My journey with food has been a wrought one, and you don’t have to look farther than my mother’s cheese drawer (see Problem 2: Coming Home) to see why. Growing up, and honestly still today, my eating habits are led by my taste buds and brain’s pleasure center more than anything else.
As a kid, I ate so much pineapple that my tongue burned from all of the citric acid. Oftentimes, I accidentally bit myself because I didn’t quite understand where my fingers ended and the french fries began. And to top it off, the first Halloween I was able to pick my own costume, I chose my favorite thing in the world: toast.
The first time I went on a “diet”, it was sometime in middle school, and it was an easy dietary change: no candy for one week. Unfortunately for me, that same day I got my haircut, and my barber had a baller bowl of sugary treats at the receptionist’s desk. Without thinking, I grabbed a sucker (or more likely, a handful) and popped it into my mouth.
It wasn’t until I came home, that the promise I made myself popped back into my brain. And it, ironically, sucked. I was not only filled with guilt and disappointment, but also this overwhelming feeling of shame. How could I be so stupid, so mindless, that I couldn’t even accomplish just one day without sweets?
Right around my 15th birthday, my growth spurt finally started, and it was becoming clear that my baby fat was becoming teenager (and most likely, adult) fat. That tummy was no longer a sign of some “extra love”, it was just not cute.
So when my parents asked me for my list of presents, I told them the thing I wanted more than anything else: a membership to Weight Watchers. They said yes. And my mother told me that she would do the whole thing with me.
But before we stepped on the scale for the first time, Jeannie and I drove to Happy Wok to binge our hearts and stomachs out. Dinner portions of General Tso’s chicken with sides of fried rice and cream cheese wontons were no match for the determination of our forks.
We walked into Weight Watchers meeting space (which of course, was in a strip mall), with protruding stomaches and even more protruding smiles. Stepping on the scale, we kept our shoes on, as an insurance policy for a weight loss in first week. And it worked.
But after a few weigh-ins, something happened.
I couldn’t eat without thinking about how many “points” I was racking up. I couldn’t stop weighing myself multiple times in one day, after every snack and every bowel movement. I became consumed by this tornado of numbers, of input and output and result. So, we both decided it was for the best to stop going.
To be honest, I thought that I was free of this form of self-torture until a few months ago.
Coach Hannah asked me if I would be interested in participating in a nutrition beta testing group with Lucia. (Quick rant on Solcana Wellness and Lucia: they are amazing, and I cannot recommend them enough. I’ve taken a few workshops with Lucia and am always floored by all the knowledge that she not only knows, but is able to translate in a relatable and accessible way. Do yourself a favor and sign up for whatever class or discussion that she offers next. You will not be disappointed.)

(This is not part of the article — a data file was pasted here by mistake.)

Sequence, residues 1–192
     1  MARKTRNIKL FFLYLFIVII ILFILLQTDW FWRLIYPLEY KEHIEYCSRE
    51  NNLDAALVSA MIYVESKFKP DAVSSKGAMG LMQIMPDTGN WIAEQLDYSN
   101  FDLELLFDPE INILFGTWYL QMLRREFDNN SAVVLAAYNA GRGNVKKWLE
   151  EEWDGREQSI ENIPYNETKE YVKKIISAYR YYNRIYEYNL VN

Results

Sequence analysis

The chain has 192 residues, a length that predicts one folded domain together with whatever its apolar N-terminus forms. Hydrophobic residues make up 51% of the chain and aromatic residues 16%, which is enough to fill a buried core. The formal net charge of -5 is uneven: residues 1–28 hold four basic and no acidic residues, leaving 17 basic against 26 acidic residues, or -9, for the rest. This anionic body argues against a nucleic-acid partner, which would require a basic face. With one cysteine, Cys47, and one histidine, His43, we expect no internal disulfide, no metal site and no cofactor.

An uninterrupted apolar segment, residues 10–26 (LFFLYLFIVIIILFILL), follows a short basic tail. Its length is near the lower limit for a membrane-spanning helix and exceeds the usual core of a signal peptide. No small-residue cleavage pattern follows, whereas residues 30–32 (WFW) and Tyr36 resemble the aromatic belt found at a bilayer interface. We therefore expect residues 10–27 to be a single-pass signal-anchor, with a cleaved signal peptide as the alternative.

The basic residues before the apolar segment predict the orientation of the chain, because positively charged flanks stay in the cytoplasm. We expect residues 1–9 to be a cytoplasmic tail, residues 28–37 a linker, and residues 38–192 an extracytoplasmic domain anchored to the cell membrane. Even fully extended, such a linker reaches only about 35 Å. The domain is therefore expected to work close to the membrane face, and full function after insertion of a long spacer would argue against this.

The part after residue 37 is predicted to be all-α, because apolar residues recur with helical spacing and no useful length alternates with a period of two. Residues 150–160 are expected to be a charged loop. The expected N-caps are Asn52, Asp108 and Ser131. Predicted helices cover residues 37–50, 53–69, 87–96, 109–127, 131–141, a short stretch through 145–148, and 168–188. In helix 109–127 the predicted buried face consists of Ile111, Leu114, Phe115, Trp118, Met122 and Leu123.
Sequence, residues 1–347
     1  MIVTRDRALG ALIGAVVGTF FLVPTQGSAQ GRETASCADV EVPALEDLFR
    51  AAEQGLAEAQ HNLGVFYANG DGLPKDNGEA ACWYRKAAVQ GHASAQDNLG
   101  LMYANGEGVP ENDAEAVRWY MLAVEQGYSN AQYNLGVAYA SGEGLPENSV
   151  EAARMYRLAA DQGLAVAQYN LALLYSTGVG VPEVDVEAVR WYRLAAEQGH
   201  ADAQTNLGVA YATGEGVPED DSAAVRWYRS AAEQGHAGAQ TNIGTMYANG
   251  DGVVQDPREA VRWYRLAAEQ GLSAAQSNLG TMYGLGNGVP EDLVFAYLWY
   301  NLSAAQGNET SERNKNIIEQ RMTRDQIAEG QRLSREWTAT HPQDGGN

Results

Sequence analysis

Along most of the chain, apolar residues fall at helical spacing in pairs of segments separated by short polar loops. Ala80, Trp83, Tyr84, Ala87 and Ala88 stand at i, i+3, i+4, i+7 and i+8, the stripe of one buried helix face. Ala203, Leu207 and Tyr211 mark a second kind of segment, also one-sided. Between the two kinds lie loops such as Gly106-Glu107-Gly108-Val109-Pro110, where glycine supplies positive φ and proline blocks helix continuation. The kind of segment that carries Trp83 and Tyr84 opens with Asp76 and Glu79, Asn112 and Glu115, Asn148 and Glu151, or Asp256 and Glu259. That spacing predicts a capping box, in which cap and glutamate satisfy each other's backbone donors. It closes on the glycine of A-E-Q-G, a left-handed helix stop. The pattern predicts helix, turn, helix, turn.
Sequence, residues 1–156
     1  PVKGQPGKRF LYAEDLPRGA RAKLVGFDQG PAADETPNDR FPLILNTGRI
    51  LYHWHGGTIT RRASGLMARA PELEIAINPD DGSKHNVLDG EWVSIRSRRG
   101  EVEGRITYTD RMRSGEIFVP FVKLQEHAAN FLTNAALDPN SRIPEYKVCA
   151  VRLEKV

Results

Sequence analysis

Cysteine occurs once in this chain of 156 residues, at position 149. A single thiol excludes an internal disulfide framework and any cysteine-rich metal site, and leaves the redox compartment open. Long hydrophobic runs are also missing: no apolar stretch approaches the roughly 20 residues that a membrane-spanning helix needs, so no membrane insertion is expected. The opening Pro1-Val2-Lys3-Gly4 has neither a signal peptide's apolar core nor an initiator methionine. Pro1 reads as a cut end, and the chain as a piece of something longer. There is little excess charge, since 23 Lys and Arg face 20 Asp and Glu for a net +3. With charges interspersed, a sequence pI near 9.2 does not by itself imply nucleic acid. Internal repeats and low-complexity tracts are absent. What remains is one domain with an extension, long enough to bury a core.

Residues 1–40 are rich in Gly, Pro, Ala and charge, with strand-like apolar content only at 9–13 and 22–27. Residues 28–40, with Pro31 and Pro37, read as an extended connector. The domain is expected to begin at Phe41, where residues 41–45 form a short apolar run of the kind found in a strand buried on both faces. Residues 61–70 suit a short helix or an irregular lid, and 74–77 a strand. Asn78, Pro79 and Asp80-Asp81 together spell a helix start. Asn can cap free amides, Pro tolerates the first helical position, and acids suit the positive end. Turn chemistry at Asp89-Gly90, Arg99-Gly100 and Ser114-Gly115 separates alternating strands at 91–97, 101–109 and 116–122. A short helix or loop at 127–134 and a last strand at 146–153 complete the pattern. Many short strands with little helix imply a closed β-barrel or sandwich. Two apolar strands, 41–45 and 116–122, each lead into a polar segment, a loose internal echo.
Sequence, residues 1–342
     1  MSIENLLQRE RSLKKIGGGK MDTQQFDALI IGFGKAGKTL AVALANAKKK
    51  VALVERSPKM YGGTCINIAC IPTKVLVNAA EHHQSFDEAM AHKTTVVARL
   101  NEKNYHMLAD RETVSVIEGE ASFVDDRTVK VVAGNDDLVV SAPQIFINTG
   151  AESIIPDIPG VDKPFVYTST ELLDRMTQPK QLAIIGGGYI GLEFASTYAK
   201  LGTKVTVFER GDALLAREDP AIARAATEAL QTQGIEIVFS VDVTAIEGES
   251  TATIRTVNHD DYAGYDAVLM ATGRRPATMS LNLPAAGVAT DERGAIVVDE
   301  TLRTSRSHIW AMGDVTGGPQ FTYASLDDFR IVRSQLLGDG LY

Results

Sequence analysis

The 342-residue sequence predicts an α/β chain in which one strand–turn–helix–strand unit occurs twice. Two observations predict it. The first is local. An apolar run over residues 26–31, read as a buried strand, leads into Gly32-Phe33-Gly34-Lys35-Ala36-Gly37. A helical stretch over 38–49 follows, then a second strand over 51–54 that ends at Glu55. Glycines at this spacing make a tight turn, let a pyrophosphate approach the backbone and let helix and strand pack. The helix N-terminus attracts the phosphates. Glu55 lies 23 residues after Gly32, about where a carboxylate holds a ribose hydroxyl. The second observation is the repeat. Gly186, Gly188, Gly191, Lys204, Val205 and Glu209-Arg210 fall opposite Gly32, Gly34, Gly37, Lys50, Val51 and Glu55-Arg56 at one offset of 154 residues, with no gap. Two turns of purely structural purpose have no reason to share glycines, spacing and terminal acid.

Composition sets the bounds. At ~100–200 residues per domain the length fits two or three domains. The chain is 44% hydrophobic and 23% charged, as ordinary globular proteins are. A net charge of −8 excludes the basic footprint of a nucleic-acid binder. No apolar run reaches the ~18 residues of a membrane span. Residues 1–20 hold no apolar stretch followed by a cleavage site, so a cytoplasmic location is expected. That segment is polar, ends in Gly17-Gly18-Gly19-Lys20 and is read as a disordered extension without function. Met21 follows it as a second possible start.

Anyway, I didn’t even blink before agreeing to participate. Coach Hannah explained that the group would focus on macronutrients, and each person could give Lucia a goal to focus on.
Being the person that I am, my goal was to lose weight. Also being the person I am, I had to refresh myself on what macronutrients were, which was pretty straightforward: carbohydrate, protein, and fat. (Second and last quick aside: my best friend in college had to teach me the definition of words: carbohydrate, protein, and fat. One day in the cafeteria, I asked her, “Do fries have protein in them?”)
Based on our personal goal, weight, gender and age, Lucia compiled a list for us, which had the number of grams we were to consume during a day, depending if it was a rest day or workout day. It seemed easy enough, especially because the dietary change didn’t focus on exclusion. Rather, it was about filling our body with as much (of the good stuff) that we wanted.
Right away, I took my tips from work and went grocery shopping. It was exciting and different for me to think about planning meals and thinking ahead. The first couple days were easy. I was hitting my numbers and feeling confident. But it didn’t take long for that excitement to morph into expectation, which inevitably became disappointment. Before the first week ended, I switched back to my old habits, like the way you mindlessly drive back home.
So, when we all sat down to talk about our progress, I just broke down. It all came rushing back to me, and it felt like I had a handful of suckers in my pocket. But being the amazing community we are at Solcana, my teammates lifted me up from this moment (shoutout to Kaitlin, Eik, and Danielle). And Lucia gave me a great heart-to-heart, speaking with compassion and understanding.
I’m not quite sure how to end this entry, because there is no aha moment here (sorry, Oprah). There isn’t a piece of this story that I can stick a flag in, and proclaim that I have changed. But maybe that’s the point.
I am always going to be this person, with these memories and this history. And maybe the best I can do is sit down, eat a slice of toast, and accidentally bite my finger.